Back in the days of 1st and 2nd edition WFRP, the fanzine Warpstone was an important lynchpin of the fan community. It is no longer extant; a large part of this probably comes down to the fact that to a large extent Internet discussion fora and fansites largely fill the niche that fanzines used to fill, and do so both with less expense to customers and creators alike and with a great deal more convenience. The typical issue of Warpstone involved some homebrew adventures or setting material of varying quality, a few reviews, and some letters and commentary; a reasonably active fan forum will deliver to you all of that, in greater quantity and with greater interactivity and a tighter community, and do so all year long. Another driving factor in the shuttering of Warpstone may have been WFRP 3rd edition; amidst the fan controversy surrounding its stark abandonment of the old system, Warpstone announced that it would not be publishing material supporting it.
Back in the 2nd edition days, Warpstone hit issue 25. Whilst I can take or leave most issues of Warpstone, this one was rather special, since aside from the briefest possible news and reviews section most of the issue is given over to what is essentially a fully-developed mini-supplement. This is The Fimir: Ruinous Inheritance, drawn together by Robin Low from material penned first with an eye to release by Hogshead before it got passed over, and largely updated to 2nd edition WFRP whilst retaining some concepts from 1st edition which hadn’t been so prominent there (like the gods and daemons of Law and daemons of non-Chaos gods).
Now, by and large this supplement is excellent. The fimir always had this interesting aesthetic to them, a sort of air of marshy gloom and ancient melancholy that really defined them as a faction, and Low does an excellent job of fleshing out their culture and history and myths to give them a really distinctive and interesting niche as a species who have become so irreversibly entangled with their pacts with daemons that they are stuck in a terrible rut and are unable to do anything beyond digging it deeper.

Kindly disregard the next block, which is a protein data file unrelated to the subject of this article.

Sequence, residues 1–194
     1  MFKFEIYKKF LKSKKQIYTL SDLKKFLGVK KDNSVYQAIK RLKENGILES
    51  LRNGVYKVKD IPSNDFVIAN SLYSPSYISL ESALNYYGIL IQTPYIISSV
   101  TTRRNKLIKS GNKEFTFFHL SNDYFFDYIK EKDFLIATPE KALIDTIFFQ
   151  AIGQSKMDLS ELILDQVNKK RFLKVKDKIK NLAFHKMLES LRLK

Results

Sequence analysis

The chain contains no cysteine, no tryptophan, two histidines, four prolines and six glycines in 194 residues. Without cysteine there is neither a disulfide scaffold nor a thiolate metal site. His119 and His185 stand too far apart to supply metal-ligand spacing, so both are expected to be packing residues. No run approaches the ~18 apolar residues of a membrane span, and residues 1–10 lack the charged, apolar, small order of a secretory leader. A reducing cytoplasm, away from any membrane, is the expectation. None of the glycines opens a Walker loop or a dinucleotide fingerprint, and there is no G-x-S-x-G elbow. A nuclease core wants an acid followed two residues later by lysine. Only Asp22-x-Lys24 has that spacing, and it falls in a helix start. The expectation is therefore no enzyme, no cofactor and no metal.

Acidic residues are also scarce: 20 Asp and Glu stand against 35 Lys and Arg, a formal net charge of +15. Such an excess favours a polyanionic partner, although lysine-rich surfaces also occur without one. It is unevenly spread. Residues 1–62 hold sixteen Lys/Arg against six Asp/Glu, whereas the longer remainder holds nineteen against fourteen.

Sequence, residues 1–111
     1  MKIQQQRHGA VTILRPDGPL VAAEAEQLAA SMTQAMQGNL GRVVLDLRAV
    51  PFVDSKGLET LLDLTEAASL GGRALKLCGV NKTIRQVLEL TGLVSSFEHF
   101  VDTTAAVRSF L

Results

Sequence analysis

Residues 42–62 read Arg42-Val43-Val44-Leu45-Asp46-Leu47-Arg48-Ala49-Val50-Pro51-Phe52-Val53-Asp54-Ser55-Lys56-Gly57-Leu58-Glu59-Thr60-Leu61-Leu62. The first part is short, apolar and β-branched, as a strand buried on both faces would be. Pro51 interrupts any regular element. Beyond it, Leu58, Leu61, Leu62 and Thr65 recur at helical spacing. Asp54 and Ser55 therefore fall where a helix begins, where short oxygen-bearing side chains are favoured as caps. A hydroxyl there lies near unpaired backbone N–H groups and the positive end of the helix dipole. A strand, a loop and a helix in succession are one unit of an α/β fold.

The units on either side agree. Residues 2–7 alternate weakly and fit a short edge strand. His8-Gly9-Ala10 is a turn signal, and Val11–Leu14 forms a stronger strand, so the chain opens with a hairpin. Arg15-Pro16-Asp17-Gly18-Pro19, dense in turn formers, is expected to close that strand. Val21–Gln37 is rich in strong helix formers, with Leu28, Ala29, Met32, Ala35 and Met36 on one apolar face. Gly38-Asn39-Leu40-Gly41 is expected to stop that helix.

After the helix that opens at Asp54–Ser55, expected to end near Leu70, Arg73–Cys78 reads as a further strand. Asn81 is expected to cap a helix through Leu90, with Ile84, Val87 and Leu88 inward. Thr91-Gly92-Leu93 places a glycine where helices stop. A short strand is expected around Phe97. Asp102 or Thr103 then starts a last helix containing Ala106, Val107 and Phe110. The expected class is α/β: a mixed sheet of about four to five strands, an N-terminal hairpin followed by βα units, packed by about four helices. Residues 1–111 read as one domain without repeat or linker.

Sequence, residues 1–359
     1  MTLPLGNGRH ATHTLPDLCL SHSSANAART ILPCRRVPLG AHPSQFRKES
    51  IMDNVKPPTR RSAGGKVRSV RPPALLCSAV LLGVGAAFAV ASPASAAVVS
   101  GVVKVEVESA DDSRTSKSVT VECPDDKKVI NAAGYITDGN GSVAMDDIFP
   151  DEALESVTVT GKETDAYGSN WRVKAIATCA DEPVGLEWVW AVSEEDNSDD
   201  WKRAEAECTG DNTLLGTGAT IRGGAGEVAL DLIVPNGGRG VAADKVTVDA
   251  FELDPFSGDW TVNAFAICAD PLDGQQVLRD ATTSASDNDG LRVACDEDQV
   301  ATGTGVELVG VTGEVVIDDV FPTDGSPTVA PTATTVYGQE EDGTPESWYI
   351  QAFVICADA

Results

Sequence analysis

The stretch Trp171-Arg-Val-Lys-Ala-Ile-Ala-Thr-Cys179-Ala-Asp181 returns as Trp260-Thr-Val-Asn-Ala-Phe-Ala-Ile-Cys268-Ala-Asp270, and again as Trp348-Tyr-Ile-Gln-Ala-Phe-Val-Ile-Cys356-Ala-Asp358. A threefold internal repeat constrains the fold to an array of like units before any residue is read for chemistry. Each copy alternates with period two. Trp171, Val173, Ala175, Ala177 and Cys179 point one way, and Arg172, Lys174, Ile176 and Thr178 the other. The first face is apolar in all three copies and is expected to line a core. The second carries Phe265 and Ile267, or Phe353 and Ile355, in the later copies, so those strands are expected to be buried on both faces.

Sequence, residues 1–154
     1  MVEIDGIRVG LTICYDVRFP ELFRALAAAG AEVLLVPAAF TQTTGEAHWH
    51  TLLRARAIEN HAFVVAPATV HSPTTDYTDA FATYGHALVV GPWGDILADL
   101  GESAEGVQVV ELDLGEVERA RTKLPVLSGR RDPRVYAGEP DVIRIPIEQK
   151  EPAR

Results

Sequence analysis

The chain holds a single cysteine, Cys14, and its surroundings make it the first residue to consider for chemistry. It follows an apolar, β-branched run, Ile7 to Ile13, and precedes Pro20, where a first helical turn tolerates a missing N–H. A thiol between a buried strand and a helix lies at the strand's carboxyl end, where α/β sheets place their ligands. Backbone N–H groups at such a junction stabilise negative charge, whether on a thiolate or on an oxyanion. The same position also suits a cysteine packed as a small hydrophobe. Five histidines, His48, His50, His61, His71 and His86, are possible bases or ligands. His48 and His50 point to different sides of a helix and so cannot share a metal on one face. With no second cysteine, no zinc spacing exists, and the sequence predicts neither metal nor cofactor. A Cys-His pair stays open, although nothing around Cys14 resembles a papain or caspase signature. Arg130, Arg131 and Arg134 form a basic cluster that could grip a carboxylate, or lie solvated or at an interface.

There is, however, a major issue with the fimir – which is that, as per the original canon, they reproduce by kidnapping human women and raping them repeatedly. Whilst it’s certainly horrifying, at the same time there’s all sorts of reasons that make this wildly inappropriate. For one thing, women already have to deal with a disproportionate and unacceptable risk of sexual assault in real life, and having a threat which selectively directs the risk of sexual assault to women in one’s fantasy game can seem grimdark for all the wrong reasons. The extent of the problem is such that there’s every chance that someone at your gaming table has had a nasty personal experience, or knows someone who has, so bringing it to the foreground in a game risks dredging all that up needlessly. Even if nobody is actually outright upset or offended, it’s still a sleazy, cheap way of establishing them as a threat.
For the purposes of playing a wargame you might be able to flat-out ignore it – though there’s enough shitty dudes in the hobby that I suspect that if you were playing at a con or tournament or other public event the odds of someone cracking wise about fimir reproduction are pretty high. For a tabletop RPG, where all aspects of life can become relevant to play, it’s much more likely that a scenario involving the fimir will end up at least making passing reference to the rape stuff.
There’s also a secondary issue there, which is that the trope of “evil, subhuman beasts who Want Our Women” is an ugly trope with some deeply offensive roots – whilst it isn’t always used as a dogwhistle for racism, an examination of the history of the pulp adventure fiction it originates from suggests that it was conflated with the “nasty black men cannot resist raping pure white women” myth that drove the age of lynching and Jim Crow segregation in the South. Sure, there’s older and more primeval stories that the trope also draws on, but I don’t think the canon treatment of the fimir establishes enough space between it and the pulp adventure version of the trope for my liking.